Back when he was in fifth grade, maybe sixth, my son created a simulated Black Hole for a project for science. Now, this was not just a table-top diorama. No. When my kid creates a Black Hole, it is going to be a big one.
He thought long and hard about how he would complete this project. On Amazon, he discovered that he could purchase a large sheet of black lycra. He set about to create a frame for the material, and he used PVC pipe and joints.
Actually, the finished product was pretty impressive. He carried it to school unassembled in his sister’s duffle bag. When he put it all together, it was three feet tall and four feet from one side to the other. His teacher was impressed. But as impressive as this project was, it is not the point of this blog post.
Fast forward to this past fall. The large sheet of lycra had been hanging around my house for awhile. We all knew it belonged to W, but it was in the living room; it was in the bedroom; it was in the basement. It really hadn’t found a home. After it had kicked around for too long, W picked it up one day and said, “Do you think I could make a hammock out of this?” And the next thing I knew, I had a hammock hanging from the beams above the ceiling tile in my basement. The best part was that the ceiling tiles had to be pushed aside to make this work.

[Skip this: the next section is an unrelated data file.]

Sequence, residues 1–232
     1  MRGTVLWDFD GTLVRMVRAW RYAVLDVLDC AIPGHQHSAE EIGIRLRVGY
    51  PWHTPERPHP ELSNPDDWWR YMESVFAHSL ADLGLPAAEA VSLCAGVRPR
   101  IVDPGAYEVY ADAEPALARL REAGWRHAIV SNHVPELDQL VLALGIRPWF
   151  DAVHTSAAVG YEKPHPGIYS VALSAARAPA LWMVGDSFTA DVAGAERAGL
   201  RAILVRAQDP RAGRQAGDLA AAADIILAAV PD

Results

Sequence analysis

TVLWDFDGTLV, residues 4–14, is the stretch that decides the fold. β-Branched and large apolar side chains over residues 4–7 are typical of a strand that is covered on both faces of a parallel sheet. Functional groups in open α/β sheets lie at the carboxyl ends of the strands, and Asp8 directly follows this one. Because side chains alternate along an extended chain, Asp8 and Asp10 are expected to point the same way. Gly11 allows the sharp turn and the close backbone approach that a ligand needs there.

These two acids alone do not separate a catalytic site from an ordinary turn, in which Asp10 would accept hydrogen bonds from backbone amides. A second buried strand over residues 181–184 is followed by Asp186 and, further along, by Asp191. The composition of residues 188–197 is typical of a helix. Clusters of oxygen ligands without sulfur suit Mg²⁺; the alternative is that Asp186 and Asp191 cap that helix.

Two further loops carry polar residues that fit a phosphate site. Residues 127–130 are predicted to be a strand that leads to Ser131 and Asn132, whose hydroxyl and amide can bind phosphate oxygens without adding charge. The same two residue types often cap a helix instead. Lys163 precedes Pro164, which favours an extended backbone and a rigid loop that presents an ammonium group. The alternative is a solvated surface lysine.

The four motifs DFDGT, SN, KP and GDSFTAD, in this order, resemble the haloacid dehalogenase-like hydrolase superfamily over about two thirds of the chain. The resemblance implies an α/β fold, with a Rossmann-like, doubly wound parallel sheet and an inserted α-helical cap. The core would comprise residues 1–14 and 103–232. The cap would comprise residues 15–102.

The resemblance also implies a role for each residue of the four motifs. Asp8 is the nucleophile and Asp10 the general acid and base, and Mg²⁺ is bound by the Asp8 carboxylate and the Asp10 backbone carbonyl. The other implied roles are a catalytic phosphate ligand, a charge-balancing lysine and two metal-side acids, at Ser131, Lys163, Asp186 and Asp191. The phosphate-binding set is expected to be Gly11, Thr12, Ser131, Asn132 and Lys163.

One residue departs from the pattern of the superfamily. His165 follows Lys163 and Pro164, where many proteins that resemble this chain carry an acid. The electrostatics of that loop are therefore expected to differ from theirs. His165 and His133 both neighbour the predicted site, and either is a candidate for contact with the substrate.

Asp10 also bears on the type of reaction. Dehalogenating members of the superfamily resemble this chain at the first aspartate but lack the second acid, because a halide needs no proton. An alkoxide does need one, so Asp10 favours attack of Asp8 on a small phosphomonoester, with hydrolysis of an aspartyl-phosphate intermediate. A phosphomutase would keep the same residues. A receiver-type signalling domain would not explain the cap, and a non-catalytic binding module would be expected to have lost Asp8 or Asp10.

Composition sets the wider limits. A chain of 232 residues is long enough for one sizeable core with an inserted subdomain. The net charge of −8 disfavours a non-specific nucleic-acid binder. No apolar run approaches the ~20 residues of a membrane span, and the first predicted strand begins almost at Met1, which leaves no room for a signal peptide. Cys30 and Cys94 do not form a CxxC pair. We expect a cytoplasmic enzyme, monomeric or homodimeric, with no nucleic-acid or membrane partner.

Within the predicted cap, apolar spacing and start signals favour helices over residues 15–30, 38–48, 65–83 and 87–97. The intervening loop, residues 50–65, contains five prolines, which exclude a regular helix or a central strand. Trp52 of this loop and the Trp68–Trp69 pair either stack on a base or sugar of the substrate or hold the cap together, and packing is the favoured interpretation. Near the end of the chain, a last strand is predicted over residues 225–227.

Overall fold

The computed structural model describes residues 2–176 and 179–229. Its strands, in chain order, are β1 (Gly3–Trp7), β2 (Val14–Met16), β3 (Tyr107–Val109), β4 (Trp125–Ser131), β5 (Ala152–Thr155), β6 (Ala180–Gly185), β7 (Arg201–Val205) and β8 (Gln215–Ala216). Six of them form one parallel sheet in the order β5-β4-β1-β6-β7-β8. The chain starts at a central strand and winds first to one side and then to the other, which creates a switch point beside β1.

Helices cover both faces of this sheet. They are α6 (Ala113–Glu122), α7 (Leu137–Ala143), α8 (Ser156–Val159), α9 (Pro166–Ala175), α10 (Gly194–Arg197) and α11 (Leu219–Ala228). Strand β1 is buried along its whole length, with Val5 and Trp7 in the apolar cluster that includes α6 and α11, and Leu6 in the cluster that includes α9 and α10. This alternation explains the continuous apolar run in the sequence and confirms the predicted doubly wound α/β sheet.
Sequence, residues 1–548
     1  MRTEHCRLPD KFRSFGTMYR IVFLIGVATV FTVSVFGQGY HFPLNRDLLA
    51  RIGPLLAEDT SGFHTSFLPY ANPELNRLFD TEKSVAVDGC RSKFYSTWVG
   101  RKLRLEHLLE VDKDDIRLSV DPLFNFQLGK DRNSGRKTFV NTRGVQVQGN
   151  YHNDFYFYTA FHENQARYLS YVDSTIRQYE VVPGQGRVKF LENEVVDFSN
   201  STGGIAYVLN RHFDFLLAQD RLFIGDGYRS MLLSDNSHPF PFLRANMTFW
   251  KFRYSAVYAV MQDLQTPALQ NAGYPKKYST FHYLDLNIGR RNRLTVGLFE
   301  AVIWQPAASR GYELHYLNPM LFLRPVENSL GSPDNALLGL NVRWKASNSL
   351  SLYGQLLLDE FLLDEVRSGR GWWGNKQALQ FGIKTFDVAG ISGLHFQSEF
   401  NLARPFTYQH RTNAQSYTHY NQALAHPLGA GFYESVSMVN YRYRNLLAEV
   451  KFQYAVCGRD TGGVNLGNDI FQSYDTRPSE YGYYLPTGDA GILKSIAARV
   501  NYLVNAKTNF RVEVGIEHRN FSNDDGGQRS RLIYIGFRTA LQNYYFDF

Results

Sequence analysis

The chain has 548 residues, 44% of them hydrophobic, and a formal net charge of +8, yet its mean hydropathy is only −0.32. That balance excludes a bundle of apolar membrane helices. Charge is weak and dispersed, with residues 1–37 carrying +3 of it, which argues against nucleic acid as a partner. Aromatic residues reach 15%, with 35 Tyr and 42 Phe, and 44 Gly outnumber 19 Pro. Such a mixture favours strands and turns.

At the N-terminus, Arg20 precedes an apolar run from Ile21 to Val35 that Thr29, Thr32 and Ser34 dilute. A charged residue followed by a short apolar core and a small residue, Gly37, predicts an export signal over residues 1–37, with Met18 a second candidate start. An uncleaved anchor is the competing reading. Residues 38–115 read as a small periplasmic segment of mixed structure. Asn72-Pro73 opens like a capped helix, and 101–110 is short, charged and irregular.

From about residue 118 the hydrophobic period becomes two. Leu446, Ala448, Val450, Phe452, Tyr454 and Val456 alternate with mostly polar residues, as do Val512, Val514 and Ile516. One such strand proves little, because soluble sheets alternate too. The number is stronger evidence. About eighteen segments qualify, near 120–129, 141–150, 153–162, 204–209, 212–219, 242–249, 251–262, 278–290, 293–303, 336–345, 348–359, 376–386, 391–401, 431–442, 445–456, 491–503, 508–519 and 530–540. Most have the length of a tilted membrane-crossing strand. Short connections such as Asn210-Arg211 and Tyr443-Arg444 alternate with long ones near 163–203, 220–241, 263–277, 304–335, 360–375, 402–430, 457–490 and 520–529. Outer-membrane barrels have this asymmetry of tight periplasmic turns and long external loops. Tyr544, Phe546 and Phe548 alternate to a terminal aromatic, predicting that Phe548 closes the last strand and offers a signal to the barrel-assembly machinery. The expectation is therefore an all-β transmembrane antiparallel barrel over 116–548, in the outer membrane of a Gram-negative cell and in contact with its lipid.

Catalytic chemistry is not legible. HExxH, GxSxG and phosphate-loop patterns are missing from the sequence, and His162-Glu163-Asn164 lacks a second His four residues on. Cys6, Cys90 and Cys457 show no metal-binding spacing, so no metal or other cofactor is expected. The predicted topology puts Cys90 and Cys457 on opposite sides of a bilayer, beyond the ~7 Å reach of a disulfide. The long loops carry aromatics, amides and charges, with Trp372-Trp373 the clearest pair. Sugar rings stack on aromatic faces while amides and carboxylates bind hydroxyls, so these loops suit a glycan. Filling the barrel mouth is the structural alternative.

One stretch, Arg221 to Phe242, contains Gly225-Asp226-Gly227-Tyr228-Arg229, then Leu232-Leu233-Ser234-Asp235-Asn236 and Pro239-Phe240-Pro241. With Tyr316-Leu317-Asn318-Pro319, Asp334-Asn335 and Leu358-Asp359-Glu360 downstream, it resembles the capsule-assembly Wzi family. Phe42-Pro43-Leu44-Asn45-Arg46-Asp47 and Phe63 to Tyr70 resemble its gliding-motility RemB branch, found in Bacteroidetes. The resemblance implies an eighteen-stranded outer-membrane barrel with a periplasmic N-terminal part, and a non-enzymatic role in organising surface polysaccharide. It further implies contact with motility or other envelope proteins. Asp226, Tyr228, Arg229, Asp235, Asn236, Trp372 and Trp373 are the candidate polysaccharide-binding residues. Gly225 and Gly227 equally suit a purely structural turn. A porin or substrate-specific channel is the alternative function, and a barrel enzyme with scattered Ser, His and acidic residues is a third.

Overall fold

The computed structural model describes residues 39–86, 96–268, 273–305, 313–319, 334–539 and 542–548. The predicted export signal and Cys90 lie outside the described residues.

But then he decided he wanted to make it into a real hammock rather than just a piece of lycra tied to some rope tied to the beams. He spent the better part of a day pleating the material and stitching it together on my sewing machine. The parts that were too thick—where he looped the lycra over and connected it to the rope—were sewn by hand. His newly reconfigured hammock passed the basement test with flying colors.
So last weekend, he took the hammock on a camping trip to test it out for real. Yes, it is February, which means that here in New Hampshire, it is the middle of winter. Personally, I am not sure if I would rather sleep on the frozen ground or in a hammock at this time of year. When I was discussing this issue with my daughter, she had the same first response I had. “Bridges freeze first!”
(And that, my friends, is a clear indication that if nothing else, my daughter learned one important fact in her Drivers Education class, and it is one that she will never forget!)
The argument on whether it’s warmer to sleep on the ground or in a hammock (if you must sleep outside in the dead of winter) is still out for debate, but here’s what I did learn. Getting out of a hammock in the middle of the night in the dead of winter to use the latrine is not too much fun.
[Image credit: FreeImages.com / Orlando Alonzo]